WorldNetDaily's Jack Cashill has been trying (and failing) for years to prove that Barack Obama didn't write his book "Dreams From My Father." He's taking a different tack in his Jan. 8 WND column, this time claiming that Obama didn't go to Kenya to research the book he supposedly didn't write:
Instead of going to Africa, Obama may have contented himself with going to the local library and pillaging the memoirs of longtime Kenya resident Kuki Gallmann.
This is the theory proposed by Shawn Glasco, the tireless researcher I refer to in my book “Deconstructing Obama” as “Mr. Southwest.” Obama’s evasions about his research trip make Glasco’s theory all the more credible.
Glasco was intrigued by the title of Gallmann’s 1991 memoir, “I Dreamed of Africa” – later made into a film with Kim Basinger – given the similarity between her title and Obama’s.
Glasco was intrigued even more by the many words and phrases in “Dreams” that also appeared in Gallmann’s book, “African Nights,” which was published in 1994.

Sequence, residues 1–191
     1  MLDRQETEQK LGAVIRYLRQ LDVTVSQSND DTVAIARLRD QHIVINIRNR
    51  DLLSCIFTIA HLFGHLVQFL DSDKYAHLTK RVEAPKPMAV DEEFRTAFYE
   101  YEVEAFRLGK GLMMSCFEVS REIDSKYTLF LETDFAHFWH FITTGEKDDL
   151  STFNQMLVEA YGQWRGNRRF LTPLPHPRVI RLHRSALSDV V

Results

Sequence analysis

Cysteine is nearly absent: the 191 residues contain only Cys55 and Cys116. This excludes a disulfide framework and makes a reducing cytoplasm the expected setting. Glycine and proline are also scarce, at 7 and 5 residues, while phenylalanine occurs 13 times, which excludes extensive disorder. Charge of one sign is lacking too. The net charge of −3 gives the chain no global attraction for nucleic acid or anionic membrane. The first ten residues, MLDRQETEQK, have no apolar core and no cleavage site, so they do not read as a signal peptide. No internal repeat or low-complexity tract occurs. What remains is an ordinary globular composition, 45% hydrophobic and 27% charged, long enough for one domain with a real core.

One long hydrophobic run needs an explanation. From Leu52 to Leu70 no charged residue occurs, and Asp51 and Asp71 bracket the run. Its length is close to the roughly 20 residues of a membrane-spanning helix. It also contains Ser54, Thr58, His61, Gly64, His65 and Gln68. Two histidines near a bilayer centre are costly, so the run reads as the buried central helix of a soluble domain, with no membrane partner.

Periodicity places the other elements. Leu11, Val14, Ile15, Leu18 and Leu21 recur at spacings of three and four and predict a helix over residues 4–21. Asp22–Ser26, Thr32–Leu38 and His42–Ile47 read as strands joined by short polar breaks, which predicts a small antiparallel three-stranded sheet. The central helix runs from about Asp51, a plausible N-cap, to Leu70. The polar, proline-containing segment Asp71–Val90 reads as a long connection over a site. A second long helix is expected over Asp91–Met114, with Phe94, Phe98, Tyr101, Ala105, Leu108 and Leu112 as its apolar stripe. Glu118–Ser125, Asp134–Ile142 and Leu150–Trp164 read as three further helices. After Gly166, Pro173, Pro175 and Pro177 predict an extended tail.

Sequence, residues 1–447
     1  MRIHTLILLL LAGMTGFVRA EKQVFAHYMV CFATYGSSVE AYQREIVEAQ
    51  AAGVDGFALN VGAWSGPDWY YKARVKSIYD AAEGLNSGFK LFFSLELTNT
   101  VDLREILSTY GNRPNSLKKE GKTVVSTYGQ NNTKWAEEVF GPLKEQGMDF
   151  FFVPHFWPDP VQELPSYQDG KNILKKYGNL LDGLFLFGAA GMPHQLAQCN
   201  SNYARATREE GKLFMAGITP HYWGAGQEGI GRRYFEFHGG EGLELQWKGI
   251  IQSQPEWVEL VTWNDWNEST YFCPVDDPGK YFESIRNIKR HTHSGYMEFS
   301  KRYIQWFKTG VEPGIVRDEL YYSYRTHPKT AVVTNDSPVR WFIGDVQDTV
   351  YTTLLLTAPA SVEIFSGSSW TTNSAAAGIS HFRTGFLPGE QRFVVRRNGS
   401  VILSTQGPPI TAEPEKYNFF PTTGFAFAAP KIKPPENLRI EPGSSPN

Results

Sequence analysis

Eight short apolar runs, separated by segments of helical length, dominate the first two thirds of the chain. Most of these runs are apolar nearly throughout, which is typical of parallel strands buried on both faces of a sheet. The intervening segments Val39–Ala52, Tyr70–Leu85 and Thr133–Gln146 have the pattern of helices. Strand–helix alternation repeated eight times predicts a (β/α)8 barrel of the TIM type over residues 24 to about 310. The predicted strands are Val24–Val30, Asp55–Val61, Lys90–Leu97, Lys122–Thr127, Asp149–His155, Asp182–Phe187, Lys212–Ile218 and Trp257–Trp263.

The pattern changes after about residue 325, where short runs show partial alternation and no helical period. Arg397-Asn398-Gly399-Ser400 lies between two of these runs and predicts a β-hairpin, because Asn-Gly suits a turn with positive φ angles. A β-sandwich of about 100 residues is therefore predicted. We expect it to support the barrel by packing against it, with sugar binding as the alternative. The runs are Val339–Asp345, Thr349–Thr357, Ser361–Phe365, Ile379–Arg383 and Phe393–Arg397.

These include words like Baobab [a tree], bhang [cannabis], boma [an enclosure], samosa [a fried snack], shamba [a farm field], liana [a vine], tilapia [a fish], kanga [a sheet of fabric] and shuka [decorative sashes].
It is possible that Obama remembered these phrases – and many more – from his two previous short trips to Kenya, but it is not at all likely. More likely is that he swiped them from Gallman.
“Nothing is so tempting for conspiracy theorists as what appears to be a hole in a life,” sneers Maraniss.
In leaving this hole so conspicuously unfilled, it falls to us conspiracy theorists to do the job real biographers used to do.
As Peter Millican -- the Oxford scholar whom Cashill and others tried to recruit into substantiating his theory that Bill Ayers wrote Obama's book -- pointed out in eviscerating Cashill's Ayers analysis:
The trouble with these sorts of claims is that they are far too easy to make: take any two substantial memoirs from the same era and you are likely to be able to pick out a fair number of passages that have some similarities. Unless the similarities are really close (and they weren’t), just listing them makes no case at all, even if it might be enough to persuade some readers.
At least Cashill admits he's nothing more than a conspiracy theorist, so we can safely ignore him.